Tech Week 2023: New Shoes, Brakes, Lights, & Grips

Giro Formula Pro Shoes

Giro’s new Formula Pro shoe was designed to meet the needs of the modern trail rider, with a relatively low weight, a dual-dial Boa fit system, and a carbon composite plate for pedaling efficiency. Sensor rubber is used for the outsole, with deep lugs to help with off-the-bike traction – this isn’t just a road shoe that’s been revamped for mountain bike use.

Polyurethane overlays are thermo bonded to the upper fabric (translation: a rubbery material is glued to the shoe) to protect it from abrasion, and the toe box is reinforced for extra protection.

When it hits stores early next year, the Formula Pro will be priced at $300 USD. There’s also a ‘regular’ Formula that uses a single Boa dial, and retails for $250 USD.

The Formula and Formula Pro will be available in three different colors in sizes 39 – 50, with half sizes for 42.5 – 45.5. The Formula Women’s model will be available in 2 different colors in sizes 36 – 43, with half sizes from 37.5 – 42.5.

Ergon GXR Grips

Ergon’s newest slip-on XC grip is now available in 32 or 34 mm diameters. The German-made grips are constructed from Ergon’s AirCell rubber, and weigh in at just 53 grams per grip, including the end cap. The GXR has a slight taper to its shape – it’s a little wider on the outboard side where the edge of a rider’s palm rests. The surface of the rubber has some texture to it, although it’s fairly minimal, making the grips comfortable with or without gloves. The grips come in black, blue, red, or orange, and are priced at $24.95 USD.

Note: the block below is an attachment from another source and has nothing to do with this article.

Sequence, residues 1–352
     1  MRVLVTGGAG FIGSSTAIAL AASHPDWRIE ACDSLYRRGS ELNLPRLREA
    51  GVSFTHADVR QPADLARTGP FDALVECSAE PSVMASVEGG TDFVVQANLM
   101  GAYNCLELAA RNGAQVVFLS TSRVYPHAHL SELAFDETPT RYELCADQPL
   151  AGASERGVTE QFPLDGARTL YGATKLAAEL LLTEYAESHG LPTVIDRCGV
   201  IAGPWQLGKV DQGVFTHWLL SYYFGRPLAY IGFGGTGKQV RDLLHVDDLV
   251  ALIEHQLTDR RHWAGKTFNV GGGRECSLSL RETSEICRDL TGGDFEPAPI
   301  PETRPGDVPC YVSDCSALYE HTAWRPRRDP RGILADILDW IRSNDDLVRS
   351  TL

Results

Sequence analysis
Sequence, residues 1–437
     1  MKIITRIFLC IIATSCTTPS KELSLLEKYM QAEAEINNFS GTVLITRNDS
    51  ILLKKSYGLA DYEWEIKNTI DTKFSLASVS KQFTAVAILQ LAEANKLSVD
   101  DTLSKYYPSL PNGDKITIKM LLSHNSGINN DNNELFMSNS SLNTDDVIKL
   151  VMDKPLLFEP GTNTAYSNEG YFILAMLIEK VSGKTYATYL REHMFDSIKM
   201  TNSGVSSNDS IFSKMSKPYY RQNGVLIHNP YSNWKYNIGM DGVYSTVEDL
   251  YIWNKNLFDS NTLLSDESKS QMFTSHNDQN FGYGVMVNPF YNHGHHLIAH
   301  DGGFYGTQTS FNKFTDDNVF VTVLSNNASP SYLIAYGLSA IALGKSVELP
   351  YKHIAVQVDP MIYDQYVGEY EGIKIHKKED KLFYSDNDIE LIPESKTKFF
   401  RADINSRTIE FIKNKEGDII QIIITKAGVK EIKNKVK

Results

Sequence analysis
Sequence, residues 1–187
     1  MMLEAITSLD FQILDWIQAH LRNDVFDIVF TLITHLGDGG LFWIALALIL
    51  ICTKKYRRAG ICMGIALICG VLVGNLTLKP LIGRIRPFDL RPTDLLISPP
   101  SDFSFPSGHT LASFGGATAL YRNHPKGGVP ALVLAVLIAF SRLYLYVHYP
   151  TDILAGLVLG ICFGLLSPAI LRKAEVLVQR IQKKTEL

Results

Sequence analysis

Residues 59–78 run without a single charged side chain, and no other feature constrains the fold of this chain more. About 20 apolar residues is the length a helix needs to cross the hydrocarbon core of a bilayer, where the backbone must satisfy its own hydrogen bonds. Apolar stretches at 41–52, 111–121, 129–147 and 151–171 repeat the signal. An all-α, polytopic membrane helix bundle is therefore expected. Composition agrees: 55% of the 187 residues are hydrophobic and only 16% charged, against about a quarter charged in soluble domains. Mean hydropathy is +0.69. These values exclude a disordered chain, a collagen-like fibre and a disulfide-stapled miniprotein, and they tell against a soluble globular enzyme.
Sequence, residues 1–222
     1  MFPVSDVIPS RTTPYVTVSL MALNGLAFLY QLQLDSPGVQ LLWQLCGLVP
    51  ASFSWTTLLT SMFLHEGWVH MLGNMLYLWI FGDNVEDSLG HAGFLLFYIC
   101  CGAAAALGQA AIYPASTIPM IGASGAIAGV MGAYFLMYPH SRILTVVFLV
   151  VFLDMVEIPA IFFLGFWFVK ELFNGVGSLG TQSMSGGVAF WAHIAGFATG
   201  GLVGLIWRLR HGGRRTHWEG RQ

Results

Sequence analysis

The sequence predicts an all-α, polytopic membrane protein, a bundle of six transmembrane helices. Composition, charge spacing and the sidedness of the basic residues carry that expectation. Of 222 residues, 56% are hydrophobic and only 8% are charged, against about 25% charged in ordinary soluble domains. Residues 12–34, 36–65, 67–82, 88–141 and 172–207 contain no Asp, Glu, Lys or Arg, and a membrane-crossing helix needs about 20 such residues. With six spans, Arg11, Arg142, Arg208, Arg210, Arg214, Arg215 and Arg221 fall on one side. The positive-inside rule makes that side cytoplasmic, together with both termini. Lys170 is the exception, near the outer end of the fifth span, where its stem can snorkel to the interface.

Trek Commuter Pro RT Light

The days are getting dramatically shorter in the Northern Hemisphere, which means it’s either time to hibernate or get out the lights. Trek’s latest solution for brightening up the night is the Commuter Pro RT.

As the name suggests, it’s partially aimed at commuters, with features like a ‘Commuter Kind Beam’, which focuses the beam on the road rather than shining it into an oncoming rider’s eyes, a daytime running light feature, and the ability to wirelessly pair it with Trek’s Flare RT tail light.

When it’s time to get off the road and into the woods the Commuter Pro RT has a 1000 lumen high beam setting that’s bright enough for proper singletrack riding. At full power, the run time is 1.5 hours, and the 500 lumen medium setting increases that to 3 hours.

The Commuter Pro RT is priced at $159.99 and comes with a USB-C charging cable and adjustable hard mount.

Hayes Dominion T4

Hayes launched the new Dominion T4 brakes earlier this summer, a lighter weight version of the well-received Dominion A4. The 50 gram weight savings per brake is achieved via a carbon fiber lever blade that’s manufactured by Reynolds, the elimination of the tool-free reach adjuster, and a generous helping of titanium hardware. The four-piston caliper has also had any excess material removed from it, and there’s also a composite reservoir cover on the lever body.

A set just showed up for review, and so far they’ve delivered the ultra-light action and smooth power the original A4 brakes are known for. Look for a full review once I get in enough miles on these stealthy stoppers.

MSRP: $325 USD per wheel.

Tech Week 2023 is a chance to get up to speed on the latest mountain bike components, apparel, and accessories. Click here to view all of the related content.


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